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What is a Low FODMAP Diet?

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I get a lot of questions about the FODMAP diet: everything from who needs to follow it to what is a Low FODMAP diet anyway?

Let me first answer the most frequently asked question: yes! My gfJules Gluten Free All Purpose Flour IS considered Low FODMAP. It contains tapioca, corn, potato and rice: all non-GMO and low in FODMAPs. Having this base ingredient on hand makes it much easier to bake up yummy options (click here for a list of low FODMAP fats to choose from in your gluten-free baking).

But beyond that, how and why would you follow a Low FODMAP diet and how on earth do you DO it?

For more options and insight into the Low FODMAP diet, I decided to turn to an expert for her perspective on counseling clients who are interested in trying a Low FODMAP diet, learning how to undertake the diet and understanding how long they should follow the diet. The idea being that most people don’t need a forever diet as restrictive as Low FODMAP, but by eliminating lots of gas-causing foods and then re-introducing them after a time, folks can identify what might be trigger foods for their own symptoms, and reduce or eliminate only those foods going forward.

Personally, I’ve found I can’t tolerate fructans very well (onions, garlic and wheat – of course!), so I avoid those but continue to enjoy other foods, some of which do contain FODMAPs.

So I asked my friend E.A. Stewart to share her advice. E.A. is a well-respected nutrition coach, integrative dietitian, gluten free recipe developer, and digestive health expert. One of the reasons I love E.A. is that her philosophy is not one of deprivation.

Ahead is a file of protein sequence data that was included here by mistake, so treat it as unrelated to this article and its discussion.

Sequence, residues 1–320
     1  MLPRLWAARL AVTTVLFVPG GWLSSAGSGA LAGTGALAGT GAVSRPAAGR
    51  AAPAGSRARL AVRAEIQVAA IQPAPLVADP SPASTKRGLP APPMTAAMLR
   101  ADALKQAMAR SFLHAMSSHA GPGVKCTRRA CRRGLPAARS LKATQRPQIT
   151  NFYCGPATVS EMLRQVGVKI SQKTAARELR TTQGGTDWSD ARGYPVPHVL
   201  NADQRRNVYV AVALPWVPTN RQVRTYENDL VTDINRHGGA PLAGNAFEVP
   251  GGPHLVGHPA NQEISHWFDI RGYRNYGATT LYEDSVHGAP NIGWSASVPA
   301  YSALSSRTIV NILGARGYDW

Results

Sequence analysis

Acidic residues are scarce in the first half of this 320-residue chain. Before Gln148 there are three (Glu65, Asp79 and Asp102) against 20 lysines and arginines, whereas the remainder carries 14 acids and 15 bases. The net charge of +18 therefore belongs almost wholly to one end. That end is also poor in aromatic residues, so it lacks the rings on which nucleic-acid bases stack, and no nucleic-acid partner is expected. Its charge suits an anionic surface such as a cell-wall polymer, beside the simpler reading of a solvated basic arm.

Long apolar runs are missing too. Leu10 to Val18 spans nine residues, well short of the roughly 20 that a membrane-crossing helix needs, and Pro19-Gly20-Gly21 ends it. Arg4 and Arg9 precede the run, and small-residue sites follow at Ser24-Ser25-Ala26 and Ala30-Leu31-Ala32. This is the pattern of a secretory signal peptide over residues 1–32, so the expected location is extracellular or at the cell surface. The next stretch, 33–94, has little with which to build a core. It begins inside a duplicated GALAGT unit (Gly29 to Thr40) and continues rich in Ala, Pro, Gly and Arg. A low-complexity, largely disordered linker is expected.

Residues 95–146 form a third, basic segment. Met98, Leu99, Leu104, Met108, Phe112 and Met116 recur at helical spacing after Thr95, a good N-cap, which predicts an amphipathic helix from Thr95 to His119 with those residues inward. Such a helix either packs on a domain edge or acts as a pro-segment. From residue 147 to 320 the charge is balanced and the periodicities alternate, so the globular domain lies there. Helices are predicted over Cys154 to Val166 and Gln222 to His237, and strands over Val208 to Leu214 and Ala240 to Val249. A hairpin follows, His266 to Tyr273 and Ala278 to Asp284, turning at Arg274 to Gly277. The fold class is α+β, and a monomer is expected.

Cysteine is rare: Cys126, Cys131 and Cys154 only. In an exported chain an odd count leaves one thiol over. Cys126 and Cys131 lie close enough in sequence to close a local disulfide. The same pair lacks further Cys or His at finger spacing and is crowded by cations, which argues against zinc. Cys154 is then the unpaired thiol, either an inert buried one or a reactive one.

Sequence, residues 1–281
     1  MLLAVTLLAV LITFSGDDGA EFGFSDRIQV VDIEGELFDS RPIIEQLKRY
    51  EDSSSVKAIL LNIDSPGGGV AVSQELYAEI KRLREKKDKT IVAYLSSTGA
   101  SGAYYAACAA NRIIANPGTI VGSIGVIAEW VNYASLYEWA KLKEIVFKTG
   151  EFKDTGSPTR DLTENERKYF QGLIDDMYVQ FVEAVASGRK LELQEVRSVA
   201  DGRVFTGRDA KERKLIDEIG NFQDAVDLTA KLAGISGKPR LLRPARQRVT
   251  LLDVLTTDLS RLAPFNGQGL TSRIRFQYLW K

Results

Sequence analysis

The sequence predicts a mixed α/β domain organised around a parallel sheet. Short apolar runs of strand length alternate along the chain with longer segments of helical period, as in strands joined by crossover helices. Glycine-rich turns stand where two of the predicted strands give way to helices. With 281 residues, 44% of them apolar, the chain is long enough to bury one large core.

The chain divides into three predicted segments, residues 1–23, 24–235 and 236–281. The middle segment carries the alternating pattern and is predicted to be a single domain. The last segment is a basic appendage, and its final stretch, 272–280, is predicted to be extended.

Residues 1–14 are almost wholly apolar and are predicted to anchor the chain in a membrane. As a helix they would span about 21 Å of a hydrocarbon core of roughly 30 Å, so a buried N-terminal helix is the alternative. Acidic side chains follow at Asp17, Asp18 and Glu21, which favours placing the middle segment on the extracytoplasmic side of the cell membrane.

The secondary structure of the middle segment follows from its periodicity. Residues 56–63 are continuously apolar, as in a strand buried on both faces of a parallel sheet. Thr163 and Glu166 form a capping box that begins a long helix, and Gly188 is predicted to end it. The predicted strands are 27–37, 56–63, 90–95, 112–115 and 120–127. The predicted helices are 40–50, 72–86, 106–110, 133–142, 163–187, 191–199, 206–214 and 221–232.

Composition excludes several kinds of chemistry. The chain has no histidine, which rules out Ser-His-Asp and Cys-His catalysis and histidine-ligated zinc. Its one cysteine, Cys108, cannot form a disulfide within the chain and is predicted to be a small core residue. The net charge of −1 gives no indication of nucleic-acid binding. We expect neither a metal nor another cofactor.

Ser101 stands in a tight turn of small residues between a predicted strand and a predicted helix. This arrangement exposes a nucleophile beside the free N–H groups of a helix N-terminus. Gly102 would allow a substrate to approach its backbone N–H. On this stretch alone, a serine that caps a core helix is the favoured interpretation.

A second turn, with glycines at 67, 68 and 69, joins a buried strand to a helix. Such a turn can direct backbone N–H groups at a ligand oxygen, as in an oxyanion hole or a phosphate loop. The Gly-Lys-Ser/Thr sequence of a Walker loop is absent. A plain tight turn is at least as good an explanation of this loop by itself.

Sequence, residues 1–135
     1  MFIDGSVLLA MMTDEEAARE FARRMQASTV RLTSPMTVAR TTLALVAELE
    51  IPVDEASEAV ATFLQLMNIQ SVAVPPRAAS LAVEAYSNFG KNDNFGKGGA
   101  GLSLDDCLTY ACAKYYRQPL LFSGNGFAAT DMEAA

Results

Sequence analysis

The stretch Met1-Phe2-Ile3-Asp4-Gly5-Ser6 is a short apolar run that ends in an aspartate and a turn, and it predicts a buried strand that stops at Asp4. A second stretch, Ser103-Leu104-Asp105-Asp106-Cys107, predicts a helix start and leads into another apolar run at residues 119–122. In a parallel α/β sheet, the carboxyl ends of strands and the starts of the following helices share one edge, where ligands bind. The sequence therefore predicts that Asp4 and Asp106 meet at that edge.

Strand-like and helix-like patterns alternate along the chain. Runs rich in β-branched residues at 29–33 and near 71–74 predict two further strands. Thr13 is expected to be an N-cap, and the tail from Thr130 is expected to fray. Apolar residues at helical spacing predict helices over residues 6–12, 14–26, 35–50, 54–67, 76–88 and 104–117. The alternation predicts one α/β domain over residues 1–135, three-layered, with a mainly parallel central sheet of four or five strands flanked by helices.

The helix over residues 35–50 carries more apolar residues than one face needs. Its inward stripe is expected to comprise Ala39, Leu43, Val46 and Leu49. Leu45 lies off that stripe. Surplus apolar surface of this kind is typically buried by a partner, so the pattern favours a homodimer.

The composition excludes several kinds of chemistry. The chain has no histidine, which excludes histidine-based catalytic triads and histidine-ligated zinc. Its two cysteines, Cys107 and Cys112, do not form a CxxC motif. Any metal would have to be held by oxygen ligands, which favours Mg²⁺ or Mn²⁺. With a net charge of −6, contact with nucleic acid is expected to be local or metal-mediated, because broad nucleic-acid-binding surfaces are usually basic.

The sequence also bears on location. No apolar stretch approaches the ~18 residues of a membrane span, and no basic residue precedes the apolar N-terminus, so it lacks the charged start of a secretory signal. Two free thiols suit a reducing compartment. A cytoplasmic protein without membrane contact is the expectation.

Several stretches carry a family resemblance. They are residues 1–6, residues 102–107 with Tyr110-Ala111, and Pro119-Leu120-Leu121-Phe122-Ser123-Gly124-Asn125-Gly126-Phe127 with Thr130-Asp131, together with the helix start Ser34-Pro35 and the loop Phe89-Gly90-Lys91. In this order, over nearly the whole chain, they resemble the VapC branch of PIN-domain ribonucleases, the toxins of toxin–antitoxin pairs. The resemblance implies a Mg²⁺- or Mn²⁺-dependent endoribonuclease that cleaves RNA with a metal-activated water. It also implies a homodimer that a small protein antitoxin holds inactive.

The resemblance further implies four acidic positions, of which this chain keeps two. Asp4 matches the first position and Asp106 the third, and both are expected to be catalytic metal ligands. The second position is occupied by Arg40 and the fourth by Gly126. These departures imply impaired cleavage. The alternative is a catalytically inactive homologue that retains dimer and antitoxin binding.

E.A. StewartIn her own words, “My nutrition philosophy is simple…no one diet fits all, but a healthy diet is built upon whole, fresh, minimally processed ingredients, with room to enjoy your favorite foods. Life’s to short not to eat the damn cookie!” (See what I mean? How cool is that?) Here’s a link to her education and professional background, for those who’d like to know more.

 

Please feel free to leave questions or comments on this post and I, and or E.A., will respond. I’d love to know if you’ve tried a Low FODMAP diet and it’s helped you in any way. Would you like more Low FODMAP recipes? What ingredients do you rely on most when reducing FODMAPs in your diet? Do tell!

For now, I’m turning it over to E.A.:

Thanks so much Jules for inviting me to talk to your readers about the low FODMAP diet! I’ve helped many clients, who have been struggling with IBS (Irritable Bowel Syndrome) for years, finally find relief from their symptoms on a low FODMAP diet. I’m excited to help you and your readers learn more about the low FODMAP diet, what foods to eat and which ones to avoid, and share some quick, easy, and DELICIOUS low FODMAP recipes as well!

What is a Low FODMAP Diet & Who Should Try It?